Michael K. Deaver, the former White House aide convicted of perjury whose legal defense fees are expected to top $1 million, will sell the contents of his Alexandria-based offices at a massive tag sale Jan. 15, 16 and 17.

William G. Hodges of Ridgefield Inc., the Alexandria firm handling the sale, said yesterday that an estimated $100,000 in furniture, paintings, carpets and objets d'art will be sold on a cash-and-carry basis at Deaver and Associates' offices at 121 N. Henry St.

"There will be something for everyone, starting at $10 and going up to $20,000," said Hodges. "If people don't like the price on the tag, they can leave us a bid and call me back. I'll tell them what the high bid is. I've been doing this for 22 years and I've found that the fairest way."

The sale, which consists of 250 lots, includes many of the articles Deaver brought back from his trips abroad. One is a 19th-century partners' desk of yew wood veneer, which Hodges called "outstanding." A double-pedestal, two-sided desk with banks of drawers flanking each of the leg openings, the English-made piece will be priced at $20,000. Hodges said Deaver bought it on one of his "pleasurable buying trips" in England.

Another piece is a contemporary Chinese hand-painted pewter screen, 6 1/2 feet high by 9 feet wide and priced at $3,500. Deaver brought it back from a lobbying trip to the Far East in the fall of 1985. He left his $75,000-a-year White House job in May of that year. His annual income at the height of his short-lived lobbying career was reportedly $3 million.

Hodges said the offices house a "substantial" number of fine reproductions, including Chippendale-style desks, Queen Anne furniture and oriental porcelains. There are also about 50 original paintings and 18th- and 19th-century copper engravings.

"He really enjoyed bringing things back from all over the world," Hodges said.

A private defense fund has been set up by Deaver's friends to help him with his financial problems, which are thought to extend beyond his legal fees to medical and personal debts.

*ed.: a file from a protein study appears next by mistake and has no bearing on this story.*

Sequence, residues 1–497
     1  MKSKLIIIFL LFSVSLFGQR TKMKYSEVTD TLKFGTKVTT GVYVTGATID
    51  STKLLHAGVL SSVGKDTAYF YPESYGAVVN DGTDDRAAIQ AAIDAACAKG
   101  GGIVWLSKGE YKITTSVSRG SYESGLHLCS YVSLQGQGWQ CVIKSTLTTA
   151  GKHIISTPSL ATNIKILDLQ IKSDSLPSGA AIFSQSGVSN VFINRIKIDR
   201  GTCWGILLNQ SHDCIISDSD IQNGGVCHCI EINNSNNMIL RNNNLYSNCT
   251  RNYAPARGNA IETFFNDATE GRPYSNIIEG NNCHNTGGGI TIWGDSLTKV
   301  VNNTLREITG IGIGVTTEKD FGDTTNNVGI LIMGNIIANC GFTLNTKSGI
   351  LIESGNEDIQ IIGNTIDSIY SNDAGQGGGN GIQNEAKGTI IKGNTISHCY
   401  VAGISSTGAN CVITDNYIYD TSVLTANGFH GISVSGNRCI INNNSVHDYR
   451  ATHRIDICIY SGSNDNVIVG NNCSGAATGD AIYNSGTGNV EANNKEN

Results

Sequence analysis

Next week's sale starts each day at 10 a.m. and ends at 6 p.m.

In what could become a habit this last year of the Reagan presidency, Nancy Reagan flies to Nashville today to accept a special award for her efforts to curb drug and alcohol abuse.

The Crystal Bullet Trophy (in this case, "bullet" signifies a level of ascendancy, not a deadly missile) will be presented at the Country Music Association's 30th-anniver- sary gala at the Grand Ole Opry. To be taped for airing Jan. 23, the show will feature performances by more than three dozen entertainers and groups, among them Roy Acuff, Eddy Arnold, Asleep at the Wheel, Charlie Daniels, Merle Haggard, Loretta Lynn, Barbara Mandrell, Tammy Wynette, Charley Pride, the New Grass Revival, the Judds, Reba McEntire and on and on.

CMA has presented the award to outstanding country and western entertainers for the past 21 years but Mrs. Reagan will be the first city slicker to receive it.

Earlier in the day, the first lady will visit the Warner School in Nashville, where a Foster Grandparents program against drug abuse has been set up to work with children, kindergarten age through fourth grade, considered to be "at risk" because of personal circumstances.

"Some of these children are growing up in homes where drugs and alcohol are abused, and Mrs. Reagan wants to see how the Foster Grandparents program has helped them," said Elaine Crispen, the first lady's press secretary.

She believed that "all Men would be tyrants if they could," and warned if "particular care and attention is not paid to the Ladies, we are determined to foment a Rebelion {sic} and will not hold ourselves bound by any Laws in which we have no voice or Representation."

Abigail Adams' battle cry to "Remember the Ladies" never reached the rebellion stage in her lifetime, but it has proved to be no less inspirational in the ebb and flow of the equal rights movement. Look for it again Feb. 10-12 in Atlanta, where 1,000 women have signed up for a two-day symposium on "Women and the Constitution: A Bicentennial Perspective" cosponsored by the Jimmy Carter Library, the Carter Center of Emory University and Georgia State University.

Appropriately, Rosalynn Carter, Betty Ford, Lady Bird Johnson and Pat Nixon have consented to be symposium "conveners." At least one former president, Jimmy Carter, will address the symposium. Of the four former first ladies, only Pat Nixon has indicated definitely that she does not plan to attend.

In addition to Carter and the "conveners" who attend, scheduled to speak are Justice Sandra Day O'Connor, former Texas congresswoman Barbara Jordan, former Democratic vice presidential candidate Geraldine Ferraro and civil rights leader Coretta Scott King. Others expected to participate in discussions include Shirley M. Hufstedler, Eleanor Smeal, Gloria Steinem, Eleanor Holmes Norton, Liz Carpenter, Martha Griffiths, Rosa Parks, Sarah Weddington and Erma Bombeck.

In fact, the turnout promises to be so significant, according to symposium director Dayle E. Powell, that she wouldn't be the least surprised to see presidential candidates en route to the New Hampshire primaries from the Iowa caucuses taking a detour by way of Atlanta.

And, indeed, in an election year when there are 90 million women in a voting-age population of 170 million, what better detour could there be for candidates who "Remember the Ladies"?